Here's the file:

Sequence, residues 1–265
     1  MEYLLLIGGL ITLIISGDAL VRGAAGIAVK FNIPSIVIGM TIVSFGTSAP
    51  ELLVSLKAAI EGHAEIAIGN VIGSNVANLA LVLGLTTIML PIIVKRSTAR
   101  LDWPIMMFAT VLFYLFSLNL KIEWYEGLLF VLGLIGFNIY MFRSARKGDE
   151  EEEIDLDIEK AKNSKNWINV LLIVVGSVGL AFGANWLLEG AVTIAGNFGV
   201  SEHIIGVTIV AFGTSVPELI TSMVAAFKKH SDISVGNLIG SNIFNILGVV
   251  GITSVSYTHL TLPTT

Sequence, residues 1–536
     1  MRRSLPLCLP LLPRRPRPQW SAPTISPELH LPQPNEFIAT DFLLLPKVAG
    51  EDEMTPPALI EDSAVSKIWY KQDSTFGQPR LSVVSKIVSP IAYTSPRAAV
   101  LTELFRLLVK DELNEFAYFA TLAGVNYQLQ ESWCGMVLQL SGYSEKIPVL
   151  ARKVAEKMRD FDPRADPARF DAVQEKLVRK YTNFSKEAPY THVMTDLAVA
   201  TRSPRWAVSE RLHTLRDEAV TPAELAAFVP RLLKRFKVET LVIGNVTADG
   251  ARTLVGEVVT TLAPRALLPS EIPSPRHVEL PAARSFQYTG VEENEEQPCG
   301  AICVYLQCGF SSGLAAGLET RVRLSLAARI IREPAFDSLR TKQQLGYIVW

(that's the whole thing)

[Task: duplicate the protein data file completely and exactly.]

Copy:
Sequence, residues 1–265
     1  MEYLLLIGGL ITLIISGDAL VRGAAGIAVK FNIPSIVIGM TIVSFGTSAP
    51  ELLVSLKAAI EGHAEIAIGN VIGSNVANLA LVLGLTTIML PIIVKRSTAR
   101  LDWPIMMFAT VLFYLFSLNL KIEWYEGLLF VLGLIGFNIY MFRSARKGDE
   151  EEEIDLDIEK AKNSKNWINV LLIVVGSVGL AFGANWLLEG AVTIAGNFGV
   201  SEHIIGVTIV AFGTSVPELI TSMVAAFKKH SDISVGNLIG SNIFNILGVV
   251  GITSVSYTHL TLPTT

Sequence, residues 1–536
     1  MRRSLPLCLP LLPRRPRPQW SAPTISPELH LPQPNEFIAT DFLLLPKVAG
    51  EDEMTPPALI EDSAVSKIWY KQDSTFGQPR LSVVSKIVSP IAYTSPRAAV
   101  LTELFRLLVK DELNEFAYFA TLAGVNYQLQ ESWCGMVLQL SGYSEKIPVL
   151  ARKVAEKMRD FDPRADPARF DAVQEKLVRK YTNFSKEAPY THVMTDLAVA
   201  TRSPRWAVSE RLHTLRDEAV TPAELAAFVP RLLKRFKVET LVIGNVTADG
   251  ARTLVGEVVT TLAPRALLPS EIPSPRHVEL PAARSFQYTG VEENEEQPCG
   301  AICVYLQCGF SSGLAAGLET RVRLSLAARI IREPAFDSLR TKQQLGYIVW